News & Features

Flathead County Urges Businesses to Alter Services During Coronavirus Outbreak

As of Tuesday there are still no confirmed cases of COVID-19 in Flathead County

Although there have been no known local cases of COVID-19 in Northwest Montana, Flathead County officials are urging businesses “to begin immediate preparations for alternative ways of performing day-to-day activities.”

On Tuesday, the Flathead County Commissioners and Flathead City-County Board of Health sent out guidelines to businesses to help them implement social distancing in the community. The guidelines include:

-Closing any area where large groups can congregate or will be in close vicinity to each other

-Move to alternative ways of providing food services such as take-out, delivery and drive-thru

-Alter walk-in and face-to-face services to be provided by phone

-Have meetings done virtually

-Reconstruct offices to distance employees

-Encourage employees to not come in if they are sick

-Look into online services for banking, shopping and even workouts

While a number of counties across the state have forced bars and restaurants to close, Flathead has not yet taken that step.

“While there are still no confirmed cases in Flathead County, we recognize that across the nation and Montana bold steps will need to be implemented to protect the health of the public. There may be no warning for the implementation of control measures and so it is vital that every business begin planning and implementing alternate ways of doing business immediately,” said Tamalee St. James Robinson, chair of the Flathead City-County Board of Health.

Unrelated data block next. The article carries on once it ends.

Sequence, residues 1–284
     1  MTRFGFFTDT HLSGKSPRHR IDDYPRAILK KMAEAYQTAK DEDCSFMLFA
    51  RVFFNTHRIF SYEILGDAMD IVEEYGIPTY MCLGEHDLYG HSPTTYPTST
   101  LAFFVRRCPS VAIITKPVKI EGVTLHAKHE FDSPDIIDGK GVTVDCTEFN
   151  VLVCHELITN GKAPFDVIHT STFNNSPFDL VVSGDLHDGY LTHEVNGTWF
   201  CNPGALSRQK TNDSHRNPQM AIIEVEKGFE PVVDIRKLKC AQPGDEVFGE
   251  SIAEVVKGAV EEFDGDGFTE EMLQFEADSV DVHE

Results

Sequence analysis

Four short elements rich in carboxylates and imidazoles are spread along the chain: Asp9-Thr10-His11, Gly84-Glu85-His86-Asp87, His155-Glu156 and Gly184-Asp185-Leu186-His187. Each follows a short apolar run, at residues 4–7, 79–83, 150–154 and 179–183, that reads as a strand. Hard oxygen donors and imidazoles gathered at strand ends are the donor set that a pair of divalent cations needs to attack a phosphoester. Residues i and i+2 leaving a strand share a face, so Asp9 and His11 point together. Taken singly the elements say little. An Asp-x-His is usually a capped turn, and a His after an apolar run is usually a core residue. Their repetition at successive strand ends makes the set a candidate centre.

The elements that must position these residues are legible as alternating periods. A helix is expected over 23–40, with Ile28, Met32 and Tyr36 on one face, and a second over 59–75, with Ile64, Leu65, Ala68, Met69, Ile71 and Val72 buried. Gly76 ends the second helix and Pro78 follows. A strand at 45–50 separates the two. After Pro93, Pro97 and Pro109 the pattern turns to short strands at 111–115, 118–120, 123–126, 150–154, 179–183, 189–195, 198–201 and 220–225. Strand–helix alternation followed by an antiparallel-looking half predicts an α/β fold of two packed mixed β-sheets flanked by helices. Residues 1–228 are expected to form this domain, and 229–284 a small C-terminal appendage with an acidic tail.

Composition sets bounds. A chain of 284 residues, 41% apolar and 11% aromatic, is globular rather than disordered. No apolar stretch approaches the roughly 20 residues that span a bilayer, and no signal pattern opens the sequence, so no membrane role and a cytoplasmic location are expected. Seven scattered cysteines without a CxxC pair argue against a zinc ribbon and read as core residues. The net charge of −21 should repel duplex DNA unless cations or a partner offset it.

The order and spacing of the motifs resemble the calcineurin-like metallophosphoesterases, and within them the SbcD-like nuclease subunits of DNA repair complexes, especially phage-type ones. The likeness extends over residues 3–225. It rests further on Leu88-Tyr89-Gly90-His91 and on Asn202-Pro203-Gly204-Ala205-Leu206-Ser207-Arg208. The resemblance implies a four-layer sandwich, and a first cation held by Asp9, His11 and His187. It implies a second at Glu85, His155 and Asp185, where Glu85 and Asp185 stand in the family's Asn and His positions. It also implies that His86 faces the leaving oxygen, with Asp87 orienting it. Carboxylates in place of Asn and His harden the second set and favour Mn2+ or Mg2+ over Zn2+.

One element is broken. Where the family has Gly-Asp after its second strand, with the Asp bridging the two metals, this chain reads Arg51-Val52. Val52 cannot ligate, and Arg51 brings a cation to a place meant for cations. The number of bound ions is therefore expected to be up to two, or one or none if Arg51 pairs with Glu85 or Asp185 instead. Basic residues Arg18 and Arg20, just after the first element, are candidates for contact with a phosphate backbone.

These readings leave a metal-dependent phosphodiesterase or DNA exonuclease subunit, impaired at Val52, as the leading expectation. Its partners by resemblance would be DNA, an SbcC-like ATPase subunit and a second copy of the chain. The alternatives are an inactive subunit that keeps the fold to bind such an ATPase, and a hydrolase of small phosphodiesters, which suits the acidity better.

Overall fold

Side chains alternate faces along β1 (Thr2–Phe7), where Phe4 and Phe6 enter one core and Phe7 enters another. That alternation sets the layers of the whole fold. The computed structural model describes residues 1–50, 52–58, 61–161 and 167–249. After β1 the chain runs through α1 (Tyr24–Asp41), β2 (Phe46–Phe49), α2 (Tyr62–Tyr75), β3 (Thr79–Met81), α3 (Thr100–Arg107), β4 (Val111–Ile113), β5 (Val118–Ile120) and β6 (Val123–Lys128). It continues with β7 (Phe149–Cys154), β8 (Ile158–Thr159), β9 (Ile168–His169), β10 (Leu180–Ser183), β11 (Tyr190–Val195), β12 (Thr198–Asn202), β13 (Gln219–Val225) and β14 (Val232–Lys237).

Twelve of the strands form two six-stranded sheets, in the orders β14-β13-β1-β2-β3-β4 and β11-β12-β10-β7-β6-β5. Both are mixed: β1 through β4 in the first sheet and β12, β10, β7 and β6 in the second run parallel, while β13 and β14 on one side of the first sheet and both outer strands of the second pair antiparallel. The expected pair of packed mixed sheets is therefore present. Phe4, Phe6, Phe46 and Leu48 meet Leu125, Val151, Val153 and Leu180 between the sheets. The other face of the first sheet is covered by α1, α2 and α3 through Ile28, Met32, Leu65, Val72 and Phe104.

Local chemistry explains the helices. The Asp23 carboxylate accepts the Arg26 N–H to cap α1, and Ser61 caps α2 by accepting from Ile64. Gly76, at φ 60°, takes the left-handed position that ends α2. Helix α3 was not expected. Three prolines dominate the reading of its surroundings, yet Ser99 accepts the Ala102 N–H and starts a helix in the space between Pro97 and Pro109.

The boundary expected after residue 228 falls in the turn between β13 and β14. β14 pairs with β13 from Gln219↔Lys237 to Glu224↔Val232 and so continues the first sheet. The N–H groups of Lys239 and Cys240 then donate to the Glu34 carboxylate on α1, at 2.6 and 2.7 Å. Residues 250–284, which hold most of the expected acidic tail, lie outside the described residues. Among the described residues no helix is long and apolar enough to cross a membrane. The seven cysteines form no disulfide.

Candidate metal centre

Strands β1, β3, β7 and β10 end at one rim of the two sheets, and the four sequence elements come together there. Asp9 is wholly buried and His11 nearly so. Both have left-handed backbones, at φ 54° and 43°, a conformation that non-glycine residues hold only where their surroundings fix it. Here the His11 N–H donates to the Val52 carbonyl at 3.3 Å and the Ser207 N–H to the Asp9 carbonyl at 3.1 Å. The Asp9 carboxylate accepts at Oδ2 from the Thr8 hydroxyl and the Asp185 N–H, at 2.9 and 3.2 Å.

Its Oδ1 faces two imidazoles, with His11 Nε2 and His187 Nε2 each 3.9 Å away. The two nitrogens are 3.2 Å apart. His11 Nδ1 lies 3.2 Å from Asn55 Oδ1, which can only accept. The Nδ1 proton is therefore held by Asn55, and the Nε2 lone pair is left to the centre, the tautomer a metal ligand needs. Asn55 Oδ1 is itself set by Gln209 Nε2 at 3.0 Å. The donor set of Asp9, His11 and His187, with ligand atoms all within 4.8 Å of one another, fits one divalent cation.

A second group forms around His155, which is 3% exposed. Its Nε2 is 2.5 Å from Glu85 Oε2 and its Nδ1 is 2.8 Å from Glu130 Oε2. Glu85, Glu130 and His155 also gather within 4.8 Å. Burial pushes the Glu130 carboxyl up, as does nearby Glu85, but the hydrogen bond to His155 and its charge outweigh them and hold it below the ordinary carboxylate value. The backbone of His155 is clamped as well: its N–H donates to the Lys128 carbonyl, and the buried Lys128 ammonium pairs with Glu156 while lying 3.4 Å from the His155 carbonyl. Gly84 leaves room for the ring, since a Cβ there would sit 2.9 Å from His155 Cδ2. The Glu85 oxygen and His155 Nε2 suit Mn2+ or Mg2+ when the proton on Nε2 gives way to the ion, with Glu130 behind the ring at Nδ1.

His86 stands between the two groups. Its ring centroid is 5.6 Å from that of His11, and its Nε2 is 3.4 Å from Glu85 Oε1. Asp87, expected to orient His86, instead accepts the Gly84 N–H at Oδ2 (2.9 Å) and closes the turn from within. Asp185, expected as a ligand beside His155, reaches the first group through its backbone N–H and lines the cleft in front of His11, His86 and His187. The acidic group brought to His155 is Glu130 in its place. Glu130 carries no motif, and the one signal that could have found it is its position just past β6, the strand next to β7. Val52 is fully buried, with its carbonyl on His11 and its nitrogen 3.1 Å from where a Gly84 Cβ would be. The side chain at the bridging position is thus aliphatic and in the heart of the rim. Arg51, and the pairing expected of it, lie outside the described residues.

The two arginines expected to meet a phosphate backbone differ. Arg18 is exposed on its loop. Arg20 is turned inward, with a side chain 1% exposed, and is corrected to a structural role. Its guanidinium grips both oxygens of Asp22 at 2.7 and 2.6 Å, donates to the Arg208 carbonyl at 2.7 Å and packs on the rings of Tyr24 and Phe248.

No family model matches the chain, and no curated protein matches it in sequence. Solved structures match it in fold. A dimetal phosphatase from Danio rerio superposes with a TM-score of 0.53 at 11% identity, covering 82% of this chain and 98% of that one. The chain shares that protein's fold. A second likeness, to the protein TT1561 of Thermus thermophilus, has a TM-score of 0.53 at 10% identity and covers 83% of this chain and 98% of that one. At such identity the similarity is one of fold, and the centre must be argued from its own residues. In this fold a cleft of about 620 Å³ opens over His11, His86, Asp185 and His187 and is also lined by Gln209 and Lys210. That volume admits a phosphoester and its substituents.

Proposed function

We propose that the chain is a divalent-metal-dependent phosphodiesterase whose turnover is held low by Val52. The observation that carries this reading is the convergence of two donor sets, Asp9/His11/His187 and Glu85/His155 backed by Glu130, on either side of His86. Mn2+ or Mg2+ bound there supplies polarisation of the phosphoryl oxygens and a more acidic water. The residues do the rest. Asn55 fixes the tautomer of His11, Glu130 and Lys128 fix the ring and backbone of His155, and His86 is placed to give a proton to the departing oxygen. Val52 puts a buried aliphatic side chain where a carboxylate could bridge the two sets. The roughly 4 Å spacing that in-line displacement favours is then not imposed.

Some local services have already started to change how they do business, including the Flathead Food Bank in Kalispell. The pantry will only be distributing pre-packaged bags of food to people curbside. They are also asking that people 60 in over come between 9 a.m. and noon and those 60 and under to come between 1 and 4 p.m.

Throughout the Flathead Valley, businesses were taking steps to modify services, with many restaurants eliminating seating and offering take-out orders only.

In a notice to business owners, the city of Whitefish is waiving resort tax delinquency fees through April 30.

“We will work with each business on reporting needs through this challenging time,” according to a statement from Whitefish City Manager Dana Smith.

“Our small businesses are the backbone of our community and we appreciate your hard work in making Whitefish an incredible place to live and visit,” she continued.

Late Monday, Gov. Steve Bullock announced that there were two more cases of coronavirus in Montana: a man in his 20s in Missoula County and a woman in her 20s in Yellowstone County. Both people have been isolated pursuant to CDC guidelines.

The two new cases announced Monday bring the total of confirmed coronavirus cases in Montana to eight.